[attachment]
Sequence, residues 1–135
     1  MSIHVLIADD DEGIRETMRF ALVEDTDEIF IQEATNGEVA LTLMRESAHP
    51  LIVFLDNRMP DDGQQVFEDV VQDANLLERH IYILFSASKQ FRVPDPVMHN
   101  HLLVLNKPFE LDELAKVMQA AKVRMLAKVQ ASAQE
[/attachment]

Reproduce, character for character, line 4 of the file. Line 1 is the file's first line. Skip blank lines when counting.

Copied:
   101  HLLVLNKPFE LDELAKVMQA AKVRMLAKVQ ASAQE